Nunavut government is “cautious” about new airline merger

GN calls for close monitoring to ensure minimal impact on Nunavut travellers

Nunavut’s minister of economic development and transportation, David Akeeagok, says a new pilot program in Taloyoak will speed up the process to get a licence to operate a motor vehicle. (File photo)

By Sarah Rogers

The Government of Nunavut says it “remains cautious” about the impact a newly approved airline merger could have on the territory.

On June 19, following a months-long review, Transport Canada gave the green light to Canadian North and First Air’s bid to become one. The approval is subject to a number of terms and conditions set to prevent the new airline from hiking airfares or reducing flight schedules.

Nunavut’s minister of economic development and transportation, David Akeeagok, responded on Thursday, June 20, saying the GN “intends to monitor the situation very closely.”

The territorial government has not said much publicly about the merger, instead saying its focus is keeping air travel accessible and affordable for Nunavummiut.

The GN did make a submission to Transport Canada during its review process, a document the government said it will table in the legislative assembly this fall.

Akeeagok has raised concerns that Nunavut Inuit have a huge stake in air travel, but little leverage in the new venture, which is owned by Inuit organizations in Nunavik and the Inuvialuit region.

“Given how critical this issue is for Nunavut, the GN asked the agencies to use their full regulatory authority to ensure the effects on routing, pricing and scheduling were minimized,” Akeeagok said on June 20.

“The GN has also requested comprehensive monitoring of operations after the merger, to ensure all terms and conditions are met.”

In fact, Transport Canada’s approval is subject to a monitoring agreement to ensure the merged airlines comply with those conditions, one of which requires regular financial reporting to the minister.

The merger also comes as the GN is about to award a new contract for its medical travel, duty travel, air freight and a newly added component—public travel—which requires bidders to include a percentage of seats to be made available to the general public at an economy class fare.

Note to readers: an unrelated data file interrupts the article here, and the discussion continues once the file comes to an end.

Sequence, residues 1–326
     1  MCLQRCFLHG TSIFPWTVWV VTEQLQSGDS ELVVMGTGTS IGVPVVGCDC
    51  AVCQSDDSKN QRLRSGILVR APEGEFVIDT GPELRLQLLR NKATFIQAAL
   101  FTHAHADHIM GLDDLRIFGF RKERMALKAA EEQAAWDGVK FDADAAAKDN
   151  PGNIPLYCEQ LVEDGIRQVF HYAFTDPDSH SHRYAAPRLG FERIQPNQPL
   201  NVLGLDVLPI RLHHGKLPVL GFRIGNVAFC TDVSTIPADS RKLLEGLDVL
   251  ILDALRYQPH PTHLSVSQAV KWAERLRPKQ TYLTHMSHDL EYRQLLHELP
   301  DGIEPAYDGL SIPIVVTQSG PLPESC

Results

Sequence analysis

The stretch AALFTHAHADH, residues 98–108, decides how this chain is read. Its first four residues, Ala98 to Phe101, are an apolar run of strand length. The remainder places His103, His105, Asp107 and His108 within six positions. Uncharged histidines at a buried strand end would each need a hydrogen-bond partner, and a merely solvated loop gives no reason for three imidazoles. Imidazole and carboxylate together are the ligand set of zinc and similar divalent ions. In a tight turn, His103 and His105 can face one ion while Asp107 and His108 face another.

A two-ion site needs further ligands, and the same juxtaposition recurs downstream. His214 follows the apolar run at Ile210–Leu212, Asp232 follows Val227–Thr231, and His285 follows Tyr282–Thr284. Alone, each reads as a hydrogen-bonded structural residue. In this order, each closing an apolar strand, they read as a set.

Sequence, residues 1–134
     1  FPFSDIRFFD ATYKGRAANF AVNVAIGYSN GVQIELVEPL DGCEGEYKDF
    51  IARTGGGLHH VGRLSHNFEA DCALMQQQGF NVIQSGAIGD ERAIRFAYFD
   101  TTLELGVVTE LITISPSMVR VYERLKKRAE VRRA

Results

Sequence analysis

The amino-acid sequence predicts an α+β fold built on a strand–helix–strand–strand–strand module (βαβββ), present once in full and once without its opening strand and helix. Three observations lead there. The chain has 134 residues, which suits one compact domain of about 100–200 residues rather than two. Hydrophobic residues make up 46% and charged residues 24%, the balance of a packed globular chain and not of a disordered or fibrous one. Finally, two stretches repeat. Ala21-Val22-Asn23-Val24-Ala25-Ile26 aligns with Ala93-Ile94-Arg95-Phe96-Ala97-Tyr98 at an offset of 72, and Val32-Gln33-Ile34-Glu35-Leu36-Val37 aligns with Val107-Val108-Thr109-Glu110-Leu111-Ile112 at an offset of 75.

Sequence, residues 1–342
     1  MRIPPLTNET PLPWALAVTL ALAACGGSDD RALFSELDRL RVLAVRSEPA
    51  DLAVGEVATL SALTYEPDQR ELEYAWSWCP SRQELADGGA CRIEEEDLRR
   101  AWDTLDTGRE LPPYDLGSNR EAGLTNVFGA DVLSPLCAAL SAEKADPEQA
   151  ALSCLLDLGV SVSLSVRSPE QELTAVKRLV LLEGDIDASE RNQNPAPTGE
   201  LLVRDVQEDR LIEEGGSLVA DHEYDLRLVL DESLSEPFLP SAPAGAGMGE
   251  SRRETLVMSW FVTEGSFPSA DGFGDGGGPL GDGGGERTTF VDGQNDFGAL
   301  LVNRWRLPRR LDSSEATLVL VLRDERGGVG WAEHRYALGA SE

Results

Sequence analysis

“We will continue our ongoing efforts to secure reliable, affordable government airline services for Nunavut, and we will not hesitate to voice our concerns if we see deterioration in service to our communities,” Akeeagok said on June 20.

The new airline is set to operate under Canadian North’s name, while using First Air’s livery, and would be headquartered in Ottawa.

Officials from the new Canadian North are expected to provide details about its new operations sometime next week.

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(6) Comments:

  1. Posted by Dazed and Amazed on

    Isn’t it great to see the governments sudden interest in “affordable… airline services.” How wonderful.

  2. Posted by And confused on

    This administration has no future foresight. It doesn’t function by looking into the future. It is reactionary. It hasn’t provide itself even a trail to follow. A failure from its beginnings. His staff should have had this on their radar, but as in most files using the NTEP report as an example. It was shelved.

  3. Posted by How about this… on

    I think the GN should get a report on what the findings will be from the merger and then shelf it for several years and lie about it through their teeth. I hope that they go the way of CDN in terms of food. Paying several thousand dollars to get a frozen bun is kind of messed up, right First Air?

  4. Posted by Northern Guy on

    The word on the street is that Air Canada has already set up an office in the Six Story in anticipation of TC’s announcement. They can’t start operations soon enough!

    • Posted by Scare Canada on

      Are you suggesting Air Canada is planning on resuming flights to Iqaluit??

  5. Posted by Reality on

    Will the merged airline still offer huge discounts based on the ethnicity of the traveller?

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